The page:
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Short of sending my 32Sii to a place like fixthatcalc.com, how would I go about fixing some slightly mushy keys?

Add flour.

TW

So *that's* what the guy who disassembled his 15C LE found in the keyboard...

I doubt it, must have been some top secret extra terrestrial substance which would destroy the planet Earth if disclosed. Which explains the silence and the tasteless jokes.

Rather, the silence is probably explained by corporate policy.

As for the jokes, someone described it as gallows humor.

Think of it this way. You work hard for years against all odds to bring to market a seemingly unlikely product: a remake of a 30-year old classic, only to have the rug pulled out from under you by sloppy Chinese quality control. Not to mention snide comments from the group that should most appreciate your efforts.

Sorry for the lack of serious replies (including my own)... Anyhow, have the keys always been mushy, or did this happen over time? Is it most/all of the keys or only a few?

If they've always been mushy/it was like this when you got it, that may just be the way it is, I've seen a lot of variance in Pioneer keyboards, ranging from very firm and snappy to almost impossible to feel when the button has been pushed.

If it's just a few/this happened over time, it's probably the mylar sheets wearing out. I'm not sure if much can be done for this short of painstakingly disassembling the calculator and replacing the sheets with ones from another calculator (You might be able to get spare parts relatively cheaply by buying a 10B, those frequently sell for $15 or less on TAS).

Indeed, there's quite some variance, and my 32SII is a good example - 'mushy' from day one. But ... it is actually reliable and I immediately loved the soft feedback after having had the 20S with very stiff keys. Don't repair what's not broken.

I bought this calculator off ebay a few days ago. All the keys are good except the '8' key. That's the mushy one.

Does it feel "sticky" or just soft? If it's sticky, someone may have gotten food, glue, coffee, etc. into it, in which case it could carefully be cleaned with high-purity (91% or better, no coloring/perfume added) rubbing alcohol.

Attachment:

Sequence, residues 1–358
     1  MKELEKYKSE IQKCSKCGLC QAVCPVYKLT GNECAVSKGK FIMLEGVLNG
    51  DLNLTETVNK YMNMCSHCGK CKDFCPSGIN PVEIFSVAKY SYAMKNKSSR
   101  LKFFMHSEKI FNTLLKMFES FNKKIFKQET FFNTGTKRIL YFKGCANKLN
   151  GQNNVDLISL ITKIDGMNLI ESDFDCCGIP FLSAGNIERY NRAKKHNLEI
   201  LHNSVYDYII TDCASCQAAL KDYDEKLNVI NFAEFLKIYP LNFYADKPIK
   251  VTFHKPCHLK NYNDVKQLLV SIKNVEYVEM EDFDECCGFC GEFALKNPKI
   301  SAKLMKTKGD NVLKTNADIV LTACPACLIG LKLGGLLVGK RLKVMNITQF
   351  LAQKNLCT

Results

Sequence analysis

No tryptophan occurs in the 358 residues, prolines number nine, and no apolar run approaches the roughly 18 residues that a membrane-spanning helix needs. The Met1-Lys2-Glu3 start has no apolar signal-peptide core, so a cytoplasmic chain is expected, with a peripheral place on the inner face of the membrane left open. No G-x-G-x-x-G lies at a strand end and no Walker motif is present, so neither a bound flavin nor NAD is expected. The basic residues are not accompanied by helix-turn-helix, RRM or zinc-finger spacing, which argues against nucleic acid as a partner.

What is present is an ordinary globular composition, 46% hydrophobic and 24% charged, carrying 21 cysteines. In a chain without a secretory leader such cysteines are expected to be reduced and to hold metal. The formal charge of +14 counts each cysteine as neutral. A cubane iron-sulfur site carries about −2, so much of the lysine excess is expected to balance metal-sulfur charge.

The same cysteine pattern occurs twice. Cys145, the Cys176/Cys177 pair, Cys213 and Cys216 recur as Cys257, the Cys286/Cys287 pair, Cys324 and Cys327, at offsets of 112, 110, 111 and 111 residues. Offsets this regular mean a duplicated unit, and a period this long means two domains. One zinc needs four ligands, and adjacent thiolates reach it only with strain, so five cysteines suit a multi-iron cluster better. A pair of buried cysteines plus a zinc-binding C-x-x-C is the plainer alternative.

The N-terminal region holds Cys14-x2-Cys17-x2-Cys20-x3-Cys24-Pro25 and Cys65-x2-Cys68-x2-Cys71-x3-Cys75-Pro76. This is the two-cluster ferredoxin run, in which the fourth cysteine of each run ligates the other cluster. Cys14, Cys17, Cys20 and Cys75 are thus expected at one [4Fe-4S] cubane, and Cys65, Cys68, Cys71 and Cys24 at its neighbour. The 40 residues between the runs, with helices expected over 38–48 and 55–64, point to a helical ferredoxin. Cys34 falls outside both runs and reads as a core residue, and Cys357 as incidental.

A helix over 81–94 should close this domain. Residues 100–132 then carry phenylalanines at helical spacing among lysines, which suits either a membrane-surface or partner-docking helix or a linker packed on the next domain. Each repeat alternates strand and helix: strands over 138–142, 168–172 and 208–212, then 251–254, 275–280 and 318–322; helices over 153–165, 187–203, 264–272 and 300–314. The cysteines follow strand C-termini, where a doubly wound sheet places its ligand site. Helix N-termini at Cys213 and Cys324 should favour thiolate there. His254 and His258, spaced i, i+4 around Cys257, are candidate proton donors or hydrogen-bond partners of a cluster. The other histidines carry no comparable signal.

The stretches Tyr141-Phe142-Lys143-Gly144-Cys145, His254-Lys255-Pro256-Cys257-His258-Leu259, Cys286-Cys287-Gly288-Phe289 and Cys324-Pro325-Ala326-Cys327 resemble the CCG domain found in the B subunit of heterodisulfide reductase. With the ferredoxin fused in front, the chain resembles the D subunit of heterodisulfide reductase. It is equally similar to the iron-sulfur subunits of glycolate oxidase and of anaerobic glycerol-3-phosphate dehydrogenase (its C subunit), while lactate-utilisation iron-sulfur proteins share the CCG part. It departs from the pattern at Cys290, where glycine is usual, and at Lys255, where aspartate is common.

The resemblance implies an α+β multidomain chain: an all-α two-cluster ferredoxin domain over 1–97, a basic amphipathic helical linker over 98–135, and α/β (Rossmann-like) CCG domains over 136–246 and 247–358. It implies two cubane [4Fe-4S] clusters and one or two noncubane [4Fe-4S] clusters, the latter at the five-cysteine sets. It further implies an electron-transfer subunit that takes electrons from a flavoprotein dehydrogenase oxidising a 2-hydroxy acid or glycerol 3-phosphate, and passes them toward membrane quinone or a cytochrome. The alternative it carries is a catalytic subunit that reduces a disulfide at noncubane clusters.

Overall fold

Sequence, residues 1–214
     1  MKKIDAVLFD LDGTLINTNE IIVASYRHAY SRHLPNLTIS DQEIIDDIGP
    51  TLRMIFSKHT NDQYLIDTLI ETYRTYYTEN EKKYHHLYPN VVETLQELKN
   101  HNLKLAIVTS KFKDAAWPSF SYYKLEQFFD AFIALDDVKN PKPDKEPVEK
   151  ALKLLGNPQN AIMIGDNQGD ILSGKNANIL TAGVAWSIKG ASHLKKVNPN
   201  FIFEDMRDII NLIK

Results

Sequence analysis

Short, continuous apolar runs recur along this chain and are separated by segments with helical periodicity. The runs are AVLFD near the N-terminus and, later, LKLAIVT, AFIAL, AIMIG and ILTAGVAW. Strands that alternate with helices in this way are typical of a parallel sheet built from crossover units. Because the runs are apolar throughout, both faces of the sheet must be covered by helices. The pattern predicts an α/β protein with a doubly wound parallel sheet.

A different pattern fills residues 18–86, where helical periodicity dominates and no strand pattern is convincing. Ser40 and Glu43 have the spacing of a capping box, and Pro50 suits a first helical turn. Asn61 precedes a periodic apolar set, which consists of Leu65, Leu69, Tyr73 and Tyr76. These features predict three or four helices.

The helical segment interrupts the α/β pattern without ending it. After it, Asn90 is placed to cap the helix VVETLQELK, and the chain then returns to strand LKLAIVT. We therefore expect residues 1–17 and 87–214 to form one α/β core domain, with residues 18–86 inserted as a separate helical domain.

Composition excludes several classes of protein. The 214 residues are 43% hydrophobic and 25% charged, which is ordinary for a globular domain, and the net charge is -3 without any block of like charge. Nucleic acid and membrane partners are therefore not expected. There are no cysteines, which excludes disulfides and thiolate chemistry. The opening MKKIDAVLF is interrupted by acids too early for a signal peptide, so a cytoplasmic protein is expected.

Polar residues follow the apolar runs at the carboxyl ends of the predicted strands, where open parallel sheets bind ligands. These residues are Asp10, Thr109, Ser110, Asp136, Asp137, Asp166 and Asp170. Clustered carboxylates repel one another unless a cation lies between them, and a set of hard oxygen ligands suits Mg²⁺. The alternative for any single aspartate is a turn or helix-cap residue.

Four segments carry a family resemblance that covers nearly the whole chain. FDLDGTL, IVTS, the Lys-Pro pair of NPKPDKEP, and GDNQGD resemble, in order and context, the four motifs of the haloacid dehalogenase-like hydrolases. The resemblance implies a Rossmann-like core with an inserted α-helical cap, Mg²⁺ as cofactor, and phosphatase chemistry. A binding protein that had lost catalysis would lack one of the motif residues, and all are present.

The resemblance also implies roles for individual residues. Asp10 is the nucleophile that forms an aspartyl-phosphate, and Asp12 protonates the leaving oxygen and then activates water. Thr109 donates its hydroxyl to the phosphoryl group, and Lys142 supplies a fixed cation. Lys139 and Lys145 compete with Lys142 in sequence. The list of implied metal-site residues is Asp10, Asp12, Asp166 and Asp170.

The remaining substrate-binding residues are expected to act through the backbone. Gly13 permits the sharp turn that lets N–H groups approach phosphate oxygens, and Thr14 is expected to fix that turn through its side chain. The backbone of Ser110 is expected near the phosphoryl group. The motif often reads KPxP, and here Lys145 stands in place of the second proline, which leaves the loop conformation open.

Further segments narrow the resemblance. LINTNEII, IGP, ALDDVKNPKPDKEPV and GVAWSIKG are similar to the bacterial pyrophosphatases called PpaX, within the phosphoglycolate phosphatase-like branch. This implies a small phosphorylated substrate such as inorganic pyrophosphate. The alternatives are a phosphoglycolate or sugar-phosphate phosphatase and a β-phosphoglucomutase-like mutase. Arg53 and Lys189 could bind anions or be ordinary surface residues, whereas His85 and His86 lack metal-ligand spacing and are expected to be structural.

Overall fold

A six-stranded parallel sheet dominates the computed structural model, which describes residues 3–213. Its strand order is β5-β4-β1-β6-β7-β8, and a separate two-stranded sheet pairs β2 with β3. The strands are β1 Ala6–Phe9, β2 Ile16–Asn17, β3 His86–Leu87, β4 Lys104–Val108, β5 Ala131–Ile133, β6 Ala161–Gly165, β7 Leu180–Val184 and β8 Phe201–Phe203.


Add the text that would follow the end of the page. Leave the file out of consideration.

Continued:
Quote:
Think of it this way. You work hard for years against all odds to bring to market a seemingly unlikely product: a remake of a 30-year old classic, only to have the rug pulled out from under you by sloppy Chinese quality control. Not to mention snide comments from the group that should most appreciate your efforts.

What is the old saying? No good deed goes unpunished.

Quote:
Rather, the silence is probably explained by corporate policy.

...

Think of it this way. You work hard for years against all odds to bring to market a seemingly unlikely product: a remake of a 30-year old classic, only to have the rug pulled out from under you by sloppy Chinese quality control. Not to mention snide comments from the group that should most appreciate your efforts.


I did not buy anything from China but from HP. I payed them for goods that turned out to be defective. I can't care less who did not do their job right.

And all want to hear is what went wrong and how this gets fixed. Am I wrong to expect that?

I had a similar problem with an older 12C that I bought off ebay. One of the keys seemed permanently depressed, but still registered. I carefully brushed around the keys with a toothbrush, holding the calculator upside-down to reduce the risk of the loosened debris going into the keyboard. Fortunately this solved the problem for me as I was reluctant to clean with liquids.

Quote:
I did not buy anything from China but from HP. I payed them for goods that turned out to be defective. I can't care less who did not do their job right.

And all want to hear is what went wrong and how this gets fixed. Am I wrong to expect that?


You are not wrong. My only point was to argue for understanding of the behavior of one individual, not a company.